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Colonialism Trinidad

Trinidad is reported to have been densely populated at the beginning of the colonial period. Although in 1510 Trinidad was said to have the only "peaceful Indians" along the whole South American coast, demand for slaves to supply the pearl-fisheries in nearby Isla Margarita led to them being declared "Caribs" (and thus, fair game for slavers) in 1511. As a consequence of this, Trinidad and Tobago became the focus of Spanish slaving raids, primarily to supply Margarita's pearl fisheries.

In 1530 Antonio Sedeño was granted a contract to settle Trinidad, with an eye toward discovering long-rumored El Dorado and controlling the trade in slaves. In 1532 he attempted to establish a settlement but was driven off the island following the Battle of Cumucurapo, (or The Place of the Silk Cotton Tree). He withdrew to Margarita, but he returned a year later and built a settlement at Cumucurapo (modern Mucurapo in what is now Port of Spain). After failing to attract more settlers to Trinidad, Sedeño was forced to withdraw in 1534.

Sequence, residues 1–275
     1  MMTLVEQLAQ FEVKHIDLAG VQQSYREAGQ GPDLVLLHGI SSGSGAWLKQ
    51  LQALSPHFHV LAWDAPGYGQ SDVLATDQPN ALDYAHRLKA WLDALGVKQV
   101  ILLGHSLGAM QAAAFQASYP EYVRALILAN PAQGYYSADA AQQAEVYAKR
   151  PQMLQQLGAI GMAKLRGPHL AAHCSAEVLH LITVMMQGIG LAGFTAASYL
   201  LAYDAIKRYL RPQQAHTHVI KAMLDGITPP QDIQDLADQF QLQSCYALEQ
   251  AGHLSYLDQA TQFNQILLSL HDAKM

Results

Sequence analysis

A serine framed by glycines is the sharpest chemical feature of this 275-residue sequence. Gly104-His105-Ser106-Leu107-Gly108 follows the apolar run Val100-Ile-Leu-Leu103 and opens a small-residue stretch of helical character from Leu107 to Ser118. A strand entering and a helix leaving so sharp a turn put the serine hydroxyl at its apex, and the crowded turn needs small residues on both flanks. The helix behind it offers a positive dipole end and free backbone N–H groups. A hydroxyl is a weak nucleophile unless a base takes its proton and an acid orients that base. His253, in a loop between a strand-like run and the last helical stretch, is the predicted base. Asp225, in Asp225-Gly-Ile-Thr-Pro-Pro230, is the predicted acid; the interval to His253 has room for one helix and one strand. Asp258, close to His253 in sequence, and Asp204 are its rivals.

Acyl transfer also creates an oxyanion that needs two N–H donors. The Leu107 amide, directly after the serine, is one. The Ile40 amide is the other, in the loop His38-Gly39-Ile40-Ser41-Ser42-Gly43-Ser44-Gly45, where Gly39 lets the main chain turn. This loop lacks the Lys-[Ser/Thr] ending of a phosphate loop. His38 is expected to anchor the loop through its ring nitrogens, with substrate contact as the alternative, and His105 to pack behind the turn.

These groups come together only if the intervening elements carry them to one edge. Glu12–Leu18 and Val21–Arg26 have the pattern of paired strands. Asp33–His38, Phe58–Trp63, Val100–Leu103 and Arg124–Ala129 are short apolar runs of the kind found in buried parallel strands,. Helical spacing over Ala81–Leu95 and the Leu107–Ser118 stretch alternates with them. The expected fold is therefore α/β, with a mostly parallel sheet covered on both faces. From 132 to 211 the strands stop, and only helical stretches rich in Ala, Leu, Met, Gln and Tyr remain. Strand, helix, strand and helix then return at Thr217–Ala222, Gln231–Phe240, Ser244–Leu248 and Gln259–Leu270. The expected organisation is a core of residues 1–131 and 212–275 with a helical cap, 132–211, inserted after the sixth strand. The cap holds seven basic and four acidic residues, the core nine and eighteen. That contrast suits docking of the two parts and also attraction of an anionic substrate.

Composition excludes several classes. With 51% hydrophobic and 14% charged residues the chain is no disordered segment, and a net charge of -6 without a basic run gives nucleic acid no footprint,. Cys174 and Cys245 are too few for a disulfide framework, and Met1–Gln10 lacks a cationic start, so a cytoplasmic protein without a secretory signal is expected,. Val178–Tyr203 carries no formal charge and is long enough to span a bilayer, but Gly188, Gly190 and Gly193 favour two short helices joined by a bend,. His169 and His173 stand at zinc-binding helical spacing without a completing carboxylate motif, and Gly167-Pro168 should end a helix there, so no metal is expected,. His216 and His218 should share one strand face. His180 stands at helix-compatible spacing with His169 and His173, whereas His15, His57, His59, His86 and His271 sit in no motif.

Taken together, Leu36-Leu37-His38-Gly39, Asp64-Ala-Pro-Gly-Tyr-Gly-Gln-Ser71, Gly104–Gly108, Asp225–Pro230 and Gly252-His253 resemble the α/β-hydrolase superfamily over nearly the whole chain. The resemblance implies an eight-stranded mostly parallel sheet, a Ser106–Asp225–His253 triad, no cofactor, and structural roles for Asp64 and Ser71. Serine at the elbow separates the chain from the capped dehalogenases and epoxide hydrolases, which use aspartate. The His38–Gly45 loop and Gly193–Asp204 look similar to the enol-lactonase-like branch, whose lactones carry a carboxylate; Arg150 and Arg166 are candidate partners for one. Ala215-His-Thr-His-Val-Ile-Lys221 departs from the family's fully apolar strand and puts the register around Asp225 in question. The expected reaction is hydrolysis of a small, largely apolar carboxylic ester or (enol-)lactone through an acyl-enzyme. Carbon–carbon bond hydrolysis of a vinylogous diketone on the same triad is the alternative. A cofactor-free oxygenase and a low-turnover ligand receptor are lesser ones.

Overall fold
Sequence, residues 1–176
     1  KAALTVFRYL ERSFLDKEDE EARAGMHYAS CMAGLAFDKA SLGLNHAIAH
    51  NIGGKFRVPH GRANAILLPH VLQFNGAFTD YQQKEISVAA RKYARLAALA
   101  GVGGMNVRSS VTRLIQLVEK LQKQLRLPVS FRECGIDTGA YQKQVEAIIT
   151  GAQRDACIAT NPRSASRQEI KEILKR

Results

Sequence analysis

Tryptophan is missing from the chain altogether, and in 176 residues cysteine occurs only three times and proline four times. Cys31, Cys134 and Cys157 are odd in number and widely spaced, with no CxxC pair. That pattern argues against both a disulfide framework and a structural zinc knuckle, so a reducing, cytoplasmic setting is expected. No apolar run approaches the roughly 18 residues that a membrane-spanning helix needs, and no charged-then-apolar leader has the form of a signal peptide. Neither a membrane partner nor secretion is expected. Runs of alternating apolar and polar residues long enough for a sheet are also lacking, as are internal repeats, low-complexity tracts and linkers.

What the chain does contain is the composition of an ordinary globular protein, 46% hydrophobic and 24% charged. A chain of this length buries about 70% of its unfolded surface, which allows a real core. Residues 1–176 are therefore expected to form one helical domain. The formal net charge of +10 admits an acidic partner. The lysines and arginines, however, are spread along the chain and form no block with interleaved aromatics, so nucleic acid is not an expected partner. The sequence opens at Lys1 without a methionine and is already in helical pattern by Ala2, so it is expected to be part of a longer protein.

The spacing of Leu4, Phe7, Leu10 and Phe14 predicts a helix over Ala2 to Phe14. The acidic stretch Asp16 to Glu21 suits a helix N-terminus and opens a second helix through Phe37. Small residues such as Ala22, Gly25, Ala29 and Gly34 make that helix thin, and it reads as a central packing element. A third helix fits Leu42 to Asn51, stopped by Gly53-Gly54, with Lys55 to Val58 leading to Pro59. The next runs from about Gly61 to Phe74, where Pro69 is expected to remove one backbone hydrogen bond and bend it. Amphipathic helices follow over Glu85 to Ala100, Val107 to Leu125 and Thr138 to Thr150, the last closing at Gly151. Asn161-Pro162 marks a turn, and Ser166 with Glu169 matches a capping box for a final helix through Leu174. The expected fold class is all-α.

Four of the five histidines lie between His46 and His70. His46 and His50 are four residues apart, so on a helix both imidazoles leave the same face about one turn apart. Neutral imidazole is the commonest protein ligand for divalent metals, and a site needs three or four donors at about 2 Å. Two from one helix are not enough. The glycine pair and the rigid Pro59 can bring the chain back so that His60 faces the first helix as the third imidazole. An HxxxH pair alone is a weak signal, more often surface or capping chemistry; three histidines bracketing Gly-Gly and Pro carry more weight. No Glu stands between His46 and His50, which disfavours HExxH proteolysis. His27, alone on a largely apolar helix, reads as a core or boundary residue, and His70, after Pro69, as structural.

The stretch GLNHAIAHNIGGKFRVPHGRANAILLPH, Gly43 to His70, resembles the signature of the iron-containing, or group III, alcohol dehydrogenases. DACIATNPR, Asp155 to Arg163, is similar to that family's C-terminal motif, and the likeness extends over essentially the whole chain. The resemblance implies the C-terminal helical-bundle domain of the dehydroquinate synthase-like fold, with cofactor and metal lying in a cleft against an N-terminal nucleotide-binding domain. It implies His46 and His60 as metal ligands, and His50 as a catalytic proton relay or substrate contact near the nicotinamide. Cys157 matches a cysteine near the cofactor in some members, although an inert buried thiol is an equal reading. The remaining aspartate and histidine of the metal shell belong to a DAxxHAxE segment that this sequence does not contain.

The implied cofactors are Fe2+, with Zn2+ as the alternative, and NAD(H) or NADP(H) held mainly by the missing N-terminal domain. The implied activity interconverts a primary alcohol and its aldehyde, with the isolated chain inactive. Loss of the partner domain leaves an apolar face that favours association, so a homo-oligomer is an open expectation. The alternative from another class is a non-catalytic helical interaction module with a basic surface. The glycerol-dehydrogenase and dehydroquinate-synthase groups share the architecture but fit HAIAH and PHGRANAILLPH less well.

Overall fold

In 1553 Juan Sedeño was authorised to settle Trinidad, but the contract

was never fulfilled. In 1569 Juan Troche Ponce de León built the "town of the Circumcision", probably around modern Laventille. In 1570 this settlement was abandoned. In 1592 Antonio de Berrio established the first lasting settlement, the town of San José de Oruña (the modern St. Joseph). 


Sir Walter Raleigh, searching for El Dorado in South America, arrived in Trinidad on 22 March 1595 and soon attacked San José and captured and interrogated de Berrío, obtaining much information from him and from the cacique Topiawari.

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